Add-On Services: Diversification or Diversion?

October 19, 2000
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How do your views differ from our sampling of cleaners who were informally polled on ICS' website? Will you agree or disagree with each argument?



Go into a room filled with carpet cleaners and ask them what they think of add-on services. You may get responses that range from disapproving groans to enthusiastic nods of approval. Some may argue that if you serviced your customer base properly, then how could you have the time to offer add-on services, while the rest will point out that by not offering add-on services, you are failing to service your customer base properly and to its full potential. However you look at it, it goes back to the argument of what came first, the chicken or the egg?

We decided to ask ICS bulletin board participants how they felt about add-on services. They were asked the following:

1. Do you offer add-on services to your clients? (If you answered no, then please explain why you do not offer add-on services).

2. If so, what type of service (cleaning blinds, color dyeing, hardwood floor restoration/maintenance, stone/tile/marble care, air duct cleaning, selling vacuums, etc.) do you offer?

3. What type of equipment or chemicals do you utilized for this service(s)?

4. How do you market your add-on service(s) and how does it differentiate from your carpet cleaning or restoration marketing campaign?

5. What type of return rate do you average on the sale of these add-on services? (Example: $.40 per sq. ft. on cleaning carpets versus $1 per sq. ft. of maintaining hardwood floors).

Read on to see how your peers answered these questions.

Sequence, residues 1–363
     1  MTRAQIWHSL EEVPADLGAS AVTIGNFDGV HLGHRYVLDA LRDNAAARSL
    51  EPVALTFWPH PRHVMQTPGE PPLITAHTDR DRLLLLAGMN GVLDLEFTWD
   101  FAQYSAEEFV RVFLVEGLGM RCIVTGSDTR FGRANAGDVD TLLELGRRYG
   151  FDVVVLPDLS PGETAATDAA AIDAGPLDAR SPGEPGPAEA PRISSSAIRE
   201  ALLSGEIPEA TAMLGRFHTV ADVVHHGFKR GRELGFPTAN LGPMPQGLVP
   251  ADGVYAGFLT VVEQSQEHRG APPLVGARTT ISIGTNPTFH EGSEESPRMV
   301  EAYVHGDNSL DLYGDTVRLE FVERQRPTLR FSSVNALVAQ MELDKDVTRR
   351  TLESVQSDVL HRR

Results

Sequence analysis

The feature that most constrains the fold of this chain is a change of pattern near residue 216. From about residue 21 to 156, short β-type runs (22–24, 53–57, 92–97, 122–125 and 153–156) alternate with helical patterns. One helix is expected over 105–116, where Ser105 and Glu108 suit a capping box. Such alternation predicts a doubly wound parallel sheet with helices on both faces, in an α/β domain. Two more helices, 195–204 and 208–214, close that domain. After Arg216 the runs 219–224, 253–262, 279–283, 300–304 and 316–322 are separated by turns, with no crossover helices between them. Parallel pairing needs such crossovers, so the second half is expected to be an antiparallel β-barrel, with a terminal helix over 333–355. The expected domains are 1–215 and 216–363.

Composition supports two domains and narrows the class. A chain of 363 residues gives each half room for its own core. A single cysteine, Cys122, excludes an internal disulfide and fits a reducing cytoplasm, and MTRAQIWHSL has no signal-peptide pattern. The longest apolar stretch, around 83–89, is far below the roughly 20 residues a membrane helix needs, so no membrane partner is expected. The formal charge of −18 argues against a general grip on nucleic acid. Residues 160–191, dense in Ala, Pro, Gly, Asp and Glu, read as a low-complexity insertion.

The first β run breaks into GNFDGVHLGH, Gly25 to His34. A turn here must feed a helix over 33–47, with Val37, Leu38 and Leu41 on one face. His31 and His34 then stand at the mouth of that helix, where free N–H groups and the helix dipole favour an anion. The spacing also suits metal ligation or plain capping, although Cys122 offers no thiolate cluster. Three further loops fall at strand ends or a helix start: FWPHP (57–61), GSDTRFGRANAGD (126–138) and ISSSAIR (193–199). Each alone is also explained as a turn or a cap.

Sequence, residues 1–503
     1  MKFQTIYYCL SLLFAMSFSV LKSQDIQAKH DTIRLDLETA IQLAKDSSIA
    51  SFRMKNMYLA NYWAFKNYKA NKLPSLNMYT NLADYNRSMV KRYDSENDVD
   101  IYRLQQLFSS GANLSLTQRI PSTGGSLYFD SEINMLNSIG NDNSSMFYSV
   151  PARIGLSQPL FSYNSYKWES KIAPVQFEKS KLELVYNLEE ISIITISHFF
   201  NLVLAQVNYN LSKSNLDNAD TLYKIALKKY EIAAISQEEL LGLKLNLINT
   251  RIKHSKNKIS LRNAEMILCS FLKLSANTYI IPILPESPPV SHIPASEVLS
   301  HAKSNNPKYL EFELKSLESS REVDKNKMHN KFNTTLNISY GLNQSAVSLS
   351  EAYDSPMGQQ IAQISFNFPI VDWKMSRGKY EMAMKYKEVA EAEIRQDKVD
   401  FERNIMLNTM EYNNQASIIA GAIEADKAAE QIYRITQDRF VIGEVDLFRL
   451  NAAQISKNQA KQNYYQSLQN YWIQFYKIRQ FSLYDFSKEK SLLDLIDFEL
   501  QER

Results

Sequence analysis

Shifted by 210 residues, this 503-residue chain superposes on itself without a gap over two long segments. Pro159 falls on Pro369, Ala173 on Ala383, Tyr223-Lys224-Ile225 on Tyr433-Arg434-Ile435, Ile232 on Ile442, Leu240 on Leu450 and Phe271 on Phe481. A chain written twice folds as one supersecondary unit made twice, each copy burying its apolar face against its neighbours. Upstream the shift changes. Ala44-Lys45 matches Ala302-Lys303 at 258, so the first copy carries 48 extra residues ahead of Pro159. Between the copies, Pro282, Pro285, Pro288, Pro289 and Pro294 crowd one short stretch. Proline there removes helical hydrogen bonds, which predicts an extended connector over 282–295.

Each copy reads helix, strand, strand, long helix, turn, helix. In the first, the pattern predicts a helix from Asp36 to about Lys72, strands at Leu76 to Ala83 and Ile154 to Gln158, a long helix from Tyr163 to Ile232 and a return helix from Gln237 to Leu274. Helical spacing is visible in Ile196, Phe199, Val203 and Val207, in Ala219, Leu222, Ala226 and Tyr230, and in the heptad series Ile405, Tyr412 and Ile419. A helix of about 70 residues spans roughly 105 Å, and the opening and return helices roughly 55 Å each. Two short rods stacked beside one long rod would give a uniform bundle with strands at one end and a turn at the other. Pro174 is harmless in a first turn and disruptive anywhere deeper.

John Rupich, JR Cleaning & Restoration, Paramus, N.J.:

Although I try not to be too pushy about add-on sales, it is definitely a moneymaker. I tend to be a little truthful about whether or not someone should get that extra room cleaned or stain guarded, and I know I have lost a lot of money because of this, but I feel my customers appreciate my honesty rather than just a high-pressure sale. I make sure to mention to them that I would love to take their money but to be honest, you really do not need this or that. It goes a long way with my customers.

As far as marketing my services, I would like have a bunch of different business cards for each service I am trying to market--one each for carpet and upholstery cleaning, restoration work, pet odor removal services, and for tile stripping and waxing. This way, I can represent myself as a specialist in that particular area rather than a person who does a little of everything.

Daniel J. McKeown, The Carpet Doc, Maryland Heights, Mo.:

I "steam" and "dry" (pad) clean carpets and "steam" clean upholstery only. The reason I do not offer add-on services is that I am not qualified to do so. I will not dye carpet because I do not have the knowledge to do so. The same with hardwood floors or air ducts. I will not do any work that I am not qualified and experienced to do to MY satisfaction. The main thing I do is clean carpets. I clean carpets very well and I do not want to spread myself too thin by trying to do too many different things.